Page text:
A senior midwife at the centre of the Morecambe Bay maternity care scandal received an “irregular” redundancy deal, which also saw her avoid an internal investigation into her performance.
Jeanette Parkinson, the former maternity risk manager at University Hospitals of Morecambe Bay NHS Foundation Trust, “appears to have been significantly overpaid (by as much as 14 months)” under a redundancy agreement when she left in spring 2012, according to a new internal review report.
“It is irregular in terms of the additional money paid and very irregular in terms of no governance process being followed”
The internal retrospective review took place in July this year, according to Nursing Times’ sister title Health Service Journal.
The summary report of the review reveals that the unusual deal also saw Ms Parkinson receive more than 470 hours of overtime pay, and included an assurance that she would not be investigated in exchange for taking the deal, which was agreed with the trust’s then director of human resources and organisational development Roger Wilson.
A paragraph from a compromise agreement between the Morecambe Bay and Ms Parkinson, cited in the summary review report, said: “Following discussions between the employee and the trust, the employee has opted to take early redundancy and as a result the employer has agreed not to commence an internal investigation into the employee’s performance as maternity risk manager.”
Mr Wilson is the current HR director at Warrington and Halton Hospitals NHS Foundation Trust.
Ms Parkinson was heavily criticised in the report of the Kirkup inquiry last year, which examined maternity failures leading to the avoidable deaths of at least 11 babies and one mother at Furness General Hospital in Cumbria.
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The inquiry found that Ms Parkinson, who dubbed her colleagues “musketeers” in an email, provided “model answers” to her colleagues ahead of an inquest hearing into the death of baby Joshua Titcombe – which the Kirkup inquiry said was “clearly wrong” and led to a “distortion of the process”.
It also sets out how Ms Parkinson failed to identify “significant failings” in care. The midwives were later criticised by a coroner for colluding over evidence given, the Kirkup report said.
Morecambe Bay’s current chief executive Jackie Daniel, who joined the trust in August 2012, several months after Ms Parkinson’s departure, confirmed to Health Service Journal that she had ordered the internal investigation.
“My primary concern is that we do get to the bottom of this”
“There are clauses that are inserted [into the compromise and redundancy agreements] which are not normal. It is irregular in terms of the additional money paid and very irregular in terms of no governance process being followed,” she said.
“I am desperately disappointed that we have got a midwife here who was not investigated by the trust and that was a massive missed opportunity,” she said. “We have taken this report through our board to satisfy myself this couldn’t happen under current arrangements and I am satisfied that it wouldn’t.”
She added: “I want to make sure this is followed up. I think it is really important. Jeannette Parkinson clearly played an important role at the time of Joshua Titcombe’s death and we know from Joshua’s case that the answers have come too late or sometimes never.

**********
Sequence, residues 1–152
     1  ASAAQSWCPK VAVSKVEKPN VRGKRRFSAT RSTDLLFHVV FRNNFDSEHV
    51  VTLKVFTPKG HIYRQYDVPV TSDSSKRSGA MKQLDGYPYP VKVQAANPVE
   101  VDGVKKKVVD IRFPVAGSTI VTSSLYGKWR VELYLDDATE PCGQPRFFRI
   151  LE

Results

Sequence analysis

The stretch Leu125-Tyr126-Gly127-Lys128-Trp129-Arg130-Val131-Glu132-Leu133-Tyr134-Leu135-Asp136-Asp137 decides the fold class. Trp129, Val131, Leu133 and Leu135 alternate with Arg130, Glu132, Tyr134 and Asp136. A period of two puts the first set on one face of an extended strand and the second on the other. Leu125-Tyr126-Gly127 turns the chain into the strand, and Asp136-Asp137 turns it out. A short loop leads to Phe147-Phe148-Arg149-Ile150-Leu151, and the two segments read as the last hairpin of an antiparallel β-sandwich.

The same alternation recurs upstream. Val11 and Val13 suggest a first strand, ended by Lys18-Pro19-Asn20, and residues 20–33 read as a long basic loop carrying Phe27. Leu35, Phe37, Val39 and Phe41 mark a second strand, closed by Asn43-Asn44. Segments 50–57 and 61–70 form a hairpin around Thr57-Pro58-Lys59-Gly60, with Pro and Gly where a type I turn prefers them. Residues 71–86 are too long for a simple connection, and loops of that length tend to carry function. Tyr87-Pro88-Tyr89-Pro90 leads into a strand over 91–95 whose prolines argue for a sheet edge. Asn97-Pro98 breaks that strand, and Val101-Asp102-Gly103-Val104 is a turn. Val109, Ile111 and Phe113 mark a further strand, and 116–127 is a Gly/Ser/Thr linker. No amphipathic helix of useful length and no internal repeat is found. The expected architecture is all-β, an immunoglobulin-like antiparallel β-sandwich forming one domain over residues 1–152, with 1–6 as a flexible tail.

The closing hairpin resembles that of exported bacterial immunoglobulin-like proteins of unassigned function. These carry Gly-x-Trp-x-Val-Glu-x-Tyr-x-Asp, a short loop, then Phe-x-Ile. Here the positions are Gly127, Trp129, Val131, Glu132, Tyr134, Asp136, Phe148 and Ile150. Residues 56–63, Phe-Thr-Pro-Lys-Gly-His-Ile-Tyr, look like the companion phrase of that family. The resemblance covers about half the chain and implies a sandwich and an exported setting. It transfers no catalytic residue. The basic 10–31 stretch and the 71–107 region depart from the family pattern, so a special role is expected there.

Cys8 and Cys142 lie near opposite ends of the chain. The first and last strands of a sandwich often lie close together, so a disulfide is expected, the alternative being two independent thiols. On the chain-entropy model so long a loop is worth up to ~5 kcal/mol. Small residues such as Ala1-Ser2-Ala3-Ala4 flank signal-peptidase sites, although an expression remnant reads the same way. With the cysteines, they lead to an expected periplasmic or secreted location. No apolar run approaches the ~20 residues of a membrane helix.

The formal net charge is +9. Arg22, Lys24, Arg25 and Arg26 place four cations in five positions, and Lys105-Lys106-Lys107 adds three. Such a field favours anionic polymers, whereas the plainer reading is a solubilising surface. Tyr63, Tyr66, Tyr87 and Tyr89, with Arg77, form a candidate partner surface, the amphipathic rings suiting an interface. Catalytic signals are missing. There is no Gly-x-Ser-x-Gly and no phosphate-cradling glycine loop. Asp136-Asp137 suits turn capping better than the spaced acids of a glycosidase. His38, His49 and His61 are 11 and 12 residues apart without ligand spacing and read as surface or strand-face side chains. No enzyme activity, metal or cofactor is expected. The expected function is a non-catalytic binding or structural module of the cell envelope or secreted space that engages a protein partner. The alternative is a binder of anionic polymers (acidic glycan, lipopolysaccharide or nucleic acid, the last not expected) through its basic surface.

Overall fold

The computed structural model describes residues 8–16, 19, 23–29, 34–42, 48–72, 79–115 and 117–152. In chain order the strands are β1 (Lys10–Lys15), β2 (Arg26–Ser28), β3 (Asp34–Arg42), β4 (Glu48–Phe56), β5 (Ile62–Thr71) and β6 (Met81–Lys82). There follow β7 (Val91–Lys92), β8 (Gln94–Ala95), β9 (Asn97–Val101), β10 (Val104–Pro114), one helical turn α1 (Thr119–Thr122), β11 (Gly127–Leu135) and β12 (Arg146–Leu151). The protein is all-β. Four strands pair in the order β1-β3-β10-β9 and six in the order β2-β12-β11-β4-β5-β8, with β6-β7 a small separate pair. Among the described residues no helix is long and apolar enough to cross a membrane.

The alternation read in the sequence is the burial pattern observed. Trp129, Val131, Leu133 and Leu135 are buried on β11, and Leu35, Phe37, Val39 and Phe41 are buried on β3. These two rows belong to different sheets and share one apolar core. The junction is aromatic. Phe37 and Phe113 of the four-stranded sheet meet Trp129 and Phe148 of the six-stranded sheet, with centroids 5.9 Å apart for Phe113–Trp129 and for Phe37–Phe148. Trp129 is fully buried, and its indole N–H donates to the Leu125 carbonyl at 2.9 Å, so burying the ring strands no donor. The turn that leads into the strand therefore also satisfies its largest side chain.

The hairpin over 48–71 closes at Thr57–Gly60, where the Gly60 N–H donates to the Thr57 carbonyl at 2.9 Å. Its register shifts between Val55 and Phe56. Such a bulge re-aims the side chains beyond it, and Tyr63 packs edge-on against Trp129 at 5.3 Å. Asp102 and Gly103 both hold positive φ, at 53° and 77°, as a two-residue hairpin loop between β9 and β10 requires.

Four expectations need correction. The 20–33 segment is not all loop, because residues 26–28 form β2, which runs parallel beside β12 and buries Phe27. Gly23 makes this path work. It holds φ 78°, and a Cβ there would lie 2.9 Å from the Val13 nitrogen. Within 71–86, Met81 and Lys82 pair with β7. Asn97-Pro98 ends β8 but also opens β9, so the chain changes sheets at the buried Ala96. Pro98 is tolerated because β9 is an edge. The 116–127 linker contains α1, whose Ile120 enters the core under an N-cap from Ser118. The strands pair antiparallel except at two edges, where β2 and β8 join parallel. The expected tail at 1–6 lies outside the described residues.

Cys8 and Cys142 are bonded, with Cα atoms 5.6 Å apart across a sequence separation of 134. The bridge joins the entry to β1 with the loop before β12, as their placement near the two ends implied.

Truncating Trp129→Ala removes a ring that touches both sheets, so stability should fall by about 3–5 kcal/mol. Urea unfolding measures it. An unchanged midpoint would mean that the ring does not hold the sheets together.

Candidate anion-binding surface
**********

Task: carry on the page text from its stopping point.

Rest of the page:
“My primary concern is that we do get to the bottom of this and I’d like to think regulators make sure every action that needs to be taken is taken and there is accountability,” said Ms Daniel.
Morecambe Bay has shared the new investigation report with the Nursing and Midwifery Council, which is investigating Ms Parkinson for alleged misconduct, and the Care Quality Commission. It has also passed the report to the chief executive of Warrington and Halton Hospitals, as Mr Wilson’s current employer.
The internal report into the deal with Ms Parkinson lists several potential concerns about her work. It states: “What is clear is that, if there were any tangible and evidence-based concerns about Jeanette Parkinson’s performance and conduct in her role, these were never formally documented or looked into.”
In relation to governance of the process, it said: “Whilst the exit was classified as a MARS [mutually agreed resignation scheme], it was managed wholly outwith the standard MARS process. There is no evidence of it being approved or discussed through other internal governance processes.”
In relation to the “value for money” of the payoff, the report said: “It is evident that the trust’s handling of the case at its initial stages, and by its later threatening action, meant that the probability of a constructive or unfair dismissal claim being lodged with an employment tribunal was extremely likely – the compromise agreement ensured that this risk was fully mitigated against.
“It is difficult to see from the paperwork whether the enhanced offer was as a result of the trust making genuine mistakes, being overly generous or through hard negotiation by her representative,” it added.
It also said “non-standard” clauses were put in the compromise agreement, described as “non-gagging clauses”, which “required participation in external/internal investigations, regulatory interventions and proceedings”.